As I read this book again, I couldn't help but notice how carefully the story is crafted--there's a lot of foreshadowing that works very well, and the imagery is just magnificent. I also really enjoyed the buzzards' service for Matt Bonner's mule's death this time around.
I re-read this book while waiting around at a recent signing on The Wise Man's Fear tour. I enjoyed the story and the illustrations again this time. Someone sitting behind me at the signing made the (very good) point that if the kitten can't get out, presumably the princess can't either--which makes Rothfuss's recent talk of doing a sequel even more intriguing.
Monday, March 14, 2011
This book, which is perhaps more accurately described as a pamphlet, continues to amaze me. It's formally a mess: there's a short story (hard to call it a novel, when it clocks in at less than 50 small pages), and a long poem about vampirism. While the story starts as your typical horror story, it quickly becomes a critique of a wide variety of things, including but not limited to capitalism, plagiarism, and slavery.
I enjoyed this book which is less about Gawain and Terrance and more about the way Lyanna finds that love depends on character rather than appearance. There are lots of mistaken appearances in this book. Morris continues doing a good job making Arthurian legends relevant and entertaining.
This book makes an argument for the sentence as the primary unit of literature. It tries to simplify the way people understand sentences by arguing that they're thoughts, and that they should be judged not by dangling modifiers but by whether they are clear. Fish argues there are two forms of sentence, generally speaking, worth considering: the subordinating sentence and the additive sentence. I found the text clear, and Fish's love of the language shines through. I wouldn't go so far as to say, however, that this book is particularly better than other books as far as ways to teach grammar go.
I read this book in anticipation of the HBO series coming up this April. It took a while for me to figure out who everyone was and what the recent past history was (Robert Baratheon took the throne from the Targaryan kings and now is supported by two rival houses, the Starks of the North--who are led by the king's best friend, Eddard, and the Lannisters--one of whose daughters the king has wed). I found the politics and intrigue of the book very satisfying, and the stakes quite high--I was constantly surprised by the plot--but not disappointed. I look forward to the next several books.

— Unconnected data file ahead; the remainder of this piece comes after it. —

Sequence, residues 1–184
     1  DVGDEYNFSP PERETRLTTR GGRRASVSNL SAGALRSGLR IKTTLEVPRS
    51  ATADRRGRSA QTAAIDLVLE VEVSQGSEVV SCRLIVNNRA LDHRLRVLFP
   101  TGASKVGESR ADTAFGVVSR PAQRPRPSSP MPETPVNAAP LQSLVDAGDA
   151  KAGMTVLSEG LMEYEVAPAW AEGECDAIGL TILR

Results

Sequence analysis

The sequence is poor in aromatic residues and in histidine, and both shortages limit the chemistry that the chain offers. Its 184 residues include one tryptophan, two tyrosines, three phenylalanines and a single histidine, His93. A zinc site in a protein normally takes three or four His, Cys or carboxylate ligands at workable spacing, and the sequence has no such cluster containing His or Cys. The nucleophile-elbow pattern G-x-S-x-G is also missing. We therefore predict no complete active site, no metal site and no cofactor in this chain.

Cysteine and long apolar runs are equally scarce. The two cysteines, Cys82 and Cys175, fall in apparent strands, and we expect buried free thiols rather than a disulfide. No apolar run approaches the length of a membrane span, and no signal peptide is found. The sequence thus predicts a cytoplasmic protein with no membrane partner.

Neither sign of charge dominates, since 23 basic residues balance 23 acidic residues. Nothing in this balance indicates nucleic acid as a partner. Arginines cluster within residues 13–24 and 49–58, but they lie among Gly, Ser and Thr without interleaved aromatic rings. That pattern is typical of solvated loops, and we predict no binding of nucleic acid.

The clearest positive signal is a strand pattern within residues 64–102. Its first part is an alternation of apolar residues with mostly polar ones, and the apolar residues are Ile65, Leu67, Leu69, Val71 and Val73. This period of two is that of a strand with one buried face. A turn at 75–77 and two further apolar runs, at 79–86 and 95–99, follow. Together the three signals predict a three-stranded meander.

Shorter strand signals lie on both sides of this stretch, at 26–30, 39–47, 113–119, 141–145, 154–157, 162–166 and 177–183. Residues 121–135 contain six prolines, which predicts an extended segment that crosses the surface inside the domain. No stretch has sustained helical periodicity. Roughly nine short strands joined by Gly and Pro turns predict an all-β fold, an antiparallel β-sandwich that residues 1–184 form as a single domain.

This book continues the adventures of Claire and Jamie Fraser in colonial America. They're joined by their daughter Brianna, once she discovers news of their death from the 20th century. The plot of this book moved better than I thought it would once it got started, although I'm not sure that the overall narrative arc was complete (lots of things felt like they were left hanging)--this series definitely builds from one book to the next. Enjoyable, though I feel at times the book's playing the game of trying to figure out how one might transfer knowledge of modern medicine back 200 years.
Wednesday, March 2, 2011
This book tells the story of Helga Crane, daughter of a Danish mother and an African American father. As I read the book this time, I particularly noticed how vivid colors are important to Helga, and how she embraces conspicuous consumption as a means of navigating the world around her. While she's not the easiest character in the world to sympathize with, I found the ending, in which she finds herself as disconnected from her children as her parents were from her and in which the Helga Crane we've been reading about throughout the novel dies (the character doesn't die, but she does stop trying), very moving.
This collection of essays reflects on American forms of Gothic literature. After a few introductory essays (which insist that the American Gothic in general is played out but that we should focus on specific criticism and delve into its particularities), the collection does just that. I found the reading of The House of Seven Gables and Absalom, Absalom! particularly useful. I don't necessarily buy the book's main contention that overarching Gothic narratives are played out, but I did appreciate the specific readings. I don't practice the type of criticism used to read Poe's story "The Black Cat," but that essay was well-researched (lots about animals and child-rearing in the nineteenth century). I also enjoyed the essay on The Wide, Wide World and punishment and desire. Overall a solid collection.